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Billed as a biopic of the FBI’s first and most powerful director J. Edgar Hoover, Clint Eastwood’s latest, J. Edgar, is really something else: a bodice ripper where the hysterical Victorian maiden is none other than the famed G-man. A driven man who built the FBI into the potent agency that it remains to this day, but who also warped it to fit his own agenda, Hoover is a ripe subject for biography. It is just too bad that neither Eastwood, screenwriter Dustin Lance Black or star Leonardo DiCaprio have any real interest in Hoover’s actual story.

DiCaprio’s involvement is the real mystery here. After playing Howard Hughes in The Aviator, why would he want to portray another 20th-century icon who beneath the legend is a twisted, crabbed individual with no clue how to behave with other people? For what Black has seized on are the rumors about Hoover’s homosexuality and his relationship with FBI Deputy Director Clyde Tolson (Armie Hammer). Rather than portray a love affair between two deeply conservative men at a time when the closet was not an option but a requirement, he opts for the notion of a deeply repressed Hoover in thrall to a domineering mother (Judi Dench) who warns her boy against becoming “a daffodil.” In this telling, Hoover is not just afraid of sex with men, he is terrified of women as well – he gets the vapors when Ginger Roger’s mother Lela (Lea Thompson) merely asks him to dance with her. He will primly hold hands with Clyde, but recoil at any other demonstration of affection, even verbal ones. These scenes are ridiculous, inviting unintentional laughs, but they also portray Hoover as pathetic when he was about as pitiful as your average rattlesnake.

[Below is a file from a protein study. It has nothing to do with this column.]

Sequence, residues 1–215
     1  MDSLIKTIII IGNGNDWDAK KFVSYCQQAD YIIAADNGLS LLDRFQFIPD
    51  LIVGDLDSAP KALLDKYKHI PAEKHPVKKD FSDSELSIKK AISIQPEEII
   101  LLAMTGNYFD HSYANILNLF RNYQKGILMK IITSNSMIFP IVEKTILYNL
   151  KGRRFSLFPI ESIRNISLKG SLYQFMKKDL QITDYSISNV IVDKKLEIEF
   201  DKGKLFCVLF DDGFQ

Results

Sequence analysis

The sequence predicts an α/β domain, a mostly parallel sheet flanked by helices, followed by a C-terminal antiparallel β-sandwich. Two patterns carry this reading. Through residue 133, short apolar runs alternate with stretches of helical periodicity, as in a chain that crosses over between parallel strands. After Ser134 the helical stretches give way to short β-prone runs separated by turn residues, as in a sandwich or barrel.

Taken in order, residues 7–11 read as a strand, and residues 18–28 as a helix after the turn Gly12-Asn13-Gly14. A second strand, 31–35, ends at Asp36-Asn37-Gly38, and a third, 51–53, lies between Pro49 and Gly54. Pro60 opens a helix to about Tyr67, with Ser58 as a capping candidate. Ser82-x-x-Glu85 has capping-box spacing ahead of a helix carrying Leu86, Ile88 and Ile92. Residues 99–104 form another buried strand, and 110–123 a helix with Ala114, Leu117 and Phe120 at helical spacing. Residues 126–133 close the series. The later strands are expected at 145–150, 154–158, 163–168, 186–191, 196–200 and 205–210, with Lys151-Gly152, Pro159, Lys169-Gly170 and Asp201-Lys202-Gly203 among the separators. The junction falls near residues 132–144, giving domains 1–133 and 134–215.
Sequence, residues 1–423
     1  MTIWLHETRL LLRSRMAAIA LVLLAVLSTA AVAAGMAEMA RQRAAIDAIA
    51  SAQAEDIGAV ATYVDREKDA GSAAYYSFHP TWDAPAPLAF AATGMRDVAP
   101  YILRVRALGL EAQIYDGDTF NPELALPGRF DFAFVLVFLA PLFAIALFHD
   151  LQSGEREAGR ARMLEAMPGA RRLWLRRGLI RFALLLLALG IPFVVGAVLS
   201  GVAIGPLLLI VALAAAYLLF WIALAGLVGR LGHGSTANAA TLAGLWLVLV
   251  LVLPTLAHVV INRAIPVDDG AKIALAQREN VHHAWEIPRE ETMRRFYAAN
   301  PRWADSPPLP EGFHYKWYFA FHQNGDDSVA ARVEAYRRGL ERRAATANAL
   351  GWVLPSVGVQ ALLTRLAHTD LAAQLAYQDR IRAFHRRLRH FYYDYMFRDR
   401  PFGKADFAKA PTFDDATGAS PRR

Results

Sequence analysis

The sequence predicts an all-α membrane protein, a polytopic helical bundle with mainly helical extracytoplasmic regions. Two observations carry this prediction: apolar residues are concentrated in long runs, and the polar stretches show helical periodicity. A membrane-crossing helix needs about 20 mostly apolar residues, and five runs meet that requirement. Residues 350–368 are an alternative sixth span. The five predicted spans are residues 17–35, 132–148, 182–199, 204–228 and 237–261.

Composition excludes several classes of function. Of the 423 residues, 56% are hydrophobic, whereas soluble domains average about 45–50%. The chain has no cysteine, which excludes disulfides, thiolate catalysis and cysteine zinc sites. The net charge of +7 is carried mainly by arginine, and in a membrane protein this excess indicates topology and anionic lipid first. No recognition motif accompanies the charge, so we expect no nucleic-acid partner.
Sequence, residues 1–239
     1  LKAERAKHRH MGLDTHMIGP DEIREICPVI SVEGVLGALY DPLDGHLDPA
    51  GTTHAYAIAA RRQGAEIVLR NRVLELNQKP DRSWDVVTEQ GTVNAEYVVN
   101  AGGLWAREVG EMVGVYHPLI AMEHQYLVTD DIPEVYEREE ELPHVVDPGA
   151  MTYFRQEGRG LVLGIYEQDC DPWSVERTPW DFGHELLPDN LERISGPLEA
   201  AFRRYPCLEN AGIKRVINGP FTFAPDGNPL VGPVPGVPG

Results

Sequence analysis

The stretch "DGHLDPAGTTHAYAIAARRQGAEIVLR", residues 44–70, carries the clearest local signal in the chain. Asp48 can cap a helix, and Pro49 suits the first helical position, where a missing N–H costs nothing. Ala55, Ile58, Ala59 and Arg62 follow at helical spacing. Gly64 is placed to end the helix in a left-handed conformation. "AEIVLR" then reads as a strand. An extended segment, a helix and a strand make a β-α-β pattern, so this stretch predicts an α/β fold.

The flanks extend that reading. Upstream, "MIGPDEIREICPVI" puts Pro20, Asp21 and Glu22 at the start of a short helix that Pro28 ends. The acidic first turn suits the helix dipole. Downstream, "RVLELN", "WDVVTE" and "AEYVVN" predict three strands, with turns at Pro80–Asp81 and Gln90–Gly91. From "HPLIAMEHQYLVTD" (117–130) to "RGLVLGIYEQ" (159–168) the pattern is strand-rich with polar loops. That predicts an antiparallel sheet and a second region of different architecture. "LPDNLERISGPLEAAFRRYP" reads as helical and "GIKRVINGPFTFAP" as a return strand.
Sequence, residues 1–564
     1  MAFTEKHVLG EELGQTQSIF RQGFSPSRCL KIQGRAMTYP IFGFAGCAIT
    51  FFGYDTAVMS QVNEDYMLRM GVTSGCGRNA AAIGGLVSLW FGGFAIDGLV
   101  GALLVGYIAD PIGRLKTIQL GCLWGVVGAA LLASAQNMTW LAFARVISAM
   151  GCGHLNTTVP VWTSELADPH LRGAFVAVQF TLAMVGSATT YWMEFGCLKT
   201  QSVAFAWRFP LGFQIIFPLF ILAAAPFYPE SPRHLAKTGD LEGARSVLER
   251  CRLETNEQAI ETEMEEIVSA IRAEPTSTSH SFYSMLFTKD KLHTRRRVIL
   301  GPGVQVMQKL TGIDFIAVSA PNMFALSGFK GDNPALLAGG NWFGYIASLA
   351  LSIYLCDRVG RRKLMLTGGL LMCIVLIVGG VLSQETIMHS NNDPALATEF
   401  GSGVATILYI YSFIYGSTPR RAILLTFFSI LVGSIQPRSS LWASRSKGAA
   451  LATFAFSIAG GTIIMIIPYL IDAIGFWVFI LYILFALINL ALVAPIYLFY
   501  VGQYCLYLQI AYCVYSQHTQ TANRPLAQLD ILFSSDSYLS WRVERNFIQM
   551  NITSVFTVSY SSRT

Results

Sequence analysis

Hoover’s life within the FBI gets the “lite” treatment. Much of it is told through the man’s eyes as he dictates an official history to a succession of agents sometime during the Kennedy administration, beginning with the post-World War I, anti-Communist Palmer Raids before the Bureau was even formed and continuing through the Lindbergh baby kidnapping and gangland raids during the Great Depression. In a kind of greatest hits approach, the film moves back and forth between that early era and that of the 1960s and early ’70s as Hoover’s power wanes (as witnessed when he clumsily tries to prevent Martin Luther King Jr. from accepting the Nobel Peace Prize) and Tolson’s health fails. The movie touches on Hoover’s confidential files that he wielded like a club, his penchant for wiretaps, and his contentious relationships with Presidents Roosevelt, Kennedy, and Nixon. But it entirely skips the ’40s and ’50s and glosses over the fact that Hoover’s targets were not just the mighty who were in a position to defend themselves but also thousands of everyday Americans who were destroyed by the FBI’s often illegal activity.

J. Edgar fails at history and fizzles as a drama. Black’s screenplay is a tone-deaf mess and most of the characters lack substance. Hammer’s Clyde Tolson barely registers except as the pretty boy who caught Hoover’s eye. Naomi Watts as Hoover’s secretary Helen Gandy fares even worse – there was absolutely no reason to cast an A-list actress in this nothing role. DiCaprio is miscast, altogether too callow to persuade as the brilliant, vicious political animal that Hoover was at the office and unable to transcend the ridiculousness of Black’s script when it comes to his private life. Eastwood tries to spackle over the film’s deficiencies with a somber coat of pure gloss, but what ails J. Edgar cannot be cured with production value.

– Pam Grady